Francesca da Rimini
Peter Ilyich Tchaikovsky
Length: c. 25 minutes
Orchestration: 3 flutes (3rd = piccolo), 2 oboes, English horn, 2 clarinets, 2 bassoons, 4 horns, 2 cornets, 2 trumpets, 3 trombones, tuba, timpani, percussion (bass drum, cymbals, tam-tam), harp, and strings
First Los Angeles Philharmonic performance: March 25, 1928, Georg Schnéevoigt conducting
Tales of doomed love attracted Tchaikovsky in all musical forms – for example, the Manfred Symphony, the ballet Swan Lake, the opera Eugene Onegin, the fantasy overture Romeo and Juliet. In 1876 he listened with interest to proposals for an opera on the story of the adulterous lovers Francesca and Paolo as recounted in the “Inferno” section of Dante’s Divine Comedy. Nothing came of the opera, but Tchaikovsky’s brother Modest persuaded him to depict the tragedy in a symphonic poem. (Modest himself later wrote an opera libretto on the subject, set by Sergei Rachmaninoff.)
The story, based on an historical incident, concerns the fraudulent courtship and marriage of young Francesca of the north Italian town of Rimini. For political reasons, her marriage to Giovanni Malatesta is arranged when she is tricked into believing that Giovanni’s handsome younger brother Paolo is her intended husband. Tragedy is consummated almost as swiftly as the marriage: the unhappy Francesca and Paolo become lovers, Giovanni catches them in the act, and kills them. Dante found their souls left twisting in the winds of the second circle of hell as moral lessons.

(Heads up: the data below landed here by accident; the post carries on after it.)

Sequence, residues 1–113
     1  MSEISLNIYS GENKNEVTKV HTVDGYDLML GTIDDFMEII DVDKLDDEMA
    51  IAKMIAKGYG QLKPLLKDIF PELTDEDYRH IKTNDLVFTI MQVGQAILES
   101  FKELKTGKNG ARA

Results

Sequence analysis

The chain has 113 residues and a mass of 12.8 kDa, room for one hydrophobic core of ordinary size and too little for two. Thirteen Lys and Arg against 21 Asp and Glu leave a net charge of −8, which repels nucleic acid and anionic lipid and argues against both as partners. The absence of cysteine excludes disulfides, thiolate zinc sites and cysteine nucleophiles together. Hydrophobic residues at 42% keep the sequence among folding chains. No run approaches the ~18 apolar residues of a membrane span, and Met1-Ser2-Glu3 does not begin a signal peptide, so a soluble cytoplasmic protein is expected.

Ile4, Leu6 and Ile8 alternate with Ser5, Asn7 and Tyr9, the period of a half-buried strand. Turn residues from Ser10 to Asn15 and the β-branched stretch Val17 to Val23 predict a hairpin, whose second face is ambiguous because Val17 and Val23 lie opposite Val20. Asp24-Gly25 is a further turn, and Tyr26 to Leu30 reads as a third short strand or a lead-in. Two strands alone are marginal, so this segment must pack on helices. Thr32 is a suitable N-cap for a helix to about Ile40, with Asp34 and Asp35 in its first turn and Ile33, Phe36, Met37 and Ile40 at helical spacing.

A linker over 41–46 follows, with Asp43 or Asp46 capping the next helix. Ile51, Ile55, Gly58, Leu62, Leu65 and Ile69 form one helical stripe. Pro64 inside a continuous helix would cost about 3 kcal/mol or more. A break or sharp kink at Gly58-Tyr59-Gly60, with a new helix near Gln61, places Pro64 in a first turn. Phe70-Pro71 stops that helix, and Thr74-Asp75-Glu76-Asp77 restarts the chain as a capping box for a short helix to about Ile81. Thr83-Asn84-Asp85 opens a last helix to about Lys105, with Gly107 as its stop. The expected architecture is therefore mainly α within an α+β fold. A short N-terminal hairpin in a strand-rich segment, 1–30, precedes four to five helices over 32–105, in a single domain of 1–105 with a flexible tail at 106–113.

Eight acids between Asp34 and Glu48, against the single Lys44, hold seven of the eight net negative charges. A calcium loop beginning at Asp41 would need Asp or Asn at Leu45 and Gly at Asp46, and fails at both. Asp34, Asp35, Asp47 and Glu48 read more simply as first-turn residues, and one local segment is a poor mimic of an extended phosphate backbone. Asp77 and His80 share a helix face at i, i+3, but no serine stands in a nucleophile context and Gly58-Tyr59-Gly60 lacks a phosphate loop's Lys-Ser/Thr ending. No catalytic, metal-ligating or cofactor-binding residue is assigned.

Tchaikovsky’s virtuosic orchestral collage opens with the poet’s lugubrious trudge in search of hellish edification. He soon encounters gale-force wind, gusting fiercely to the tune of a truly devilish tarantella. The music is more gestural than melodic, but then Francesca begins her narration with one of Tchaikovsky’s most gorgeous tunes, deeply felt and richly characterized. “A melody never stands alone, but invariably with the harmonies which belong to it,” the composer wrote. “These two elements, together with the rhythm, must never be separated; every melodic idea brings its own inevitable harmony and its suitable rhythm.” Tchaikovsky certainly delivered the full package here. The first half of the melody is infinitely sorrowing in downward sighs, first heard in a plaintive clarinet solo. The second half of this thematic yin and yang turns minor mode to major and the descending droops to upward yearning in the strings.
These elements are developed at length into passionate outpourings, cut off with the abrupt blows of the murder. The howling winds return, and ten hammered chords end the work with the finality of damnation.
— John Henken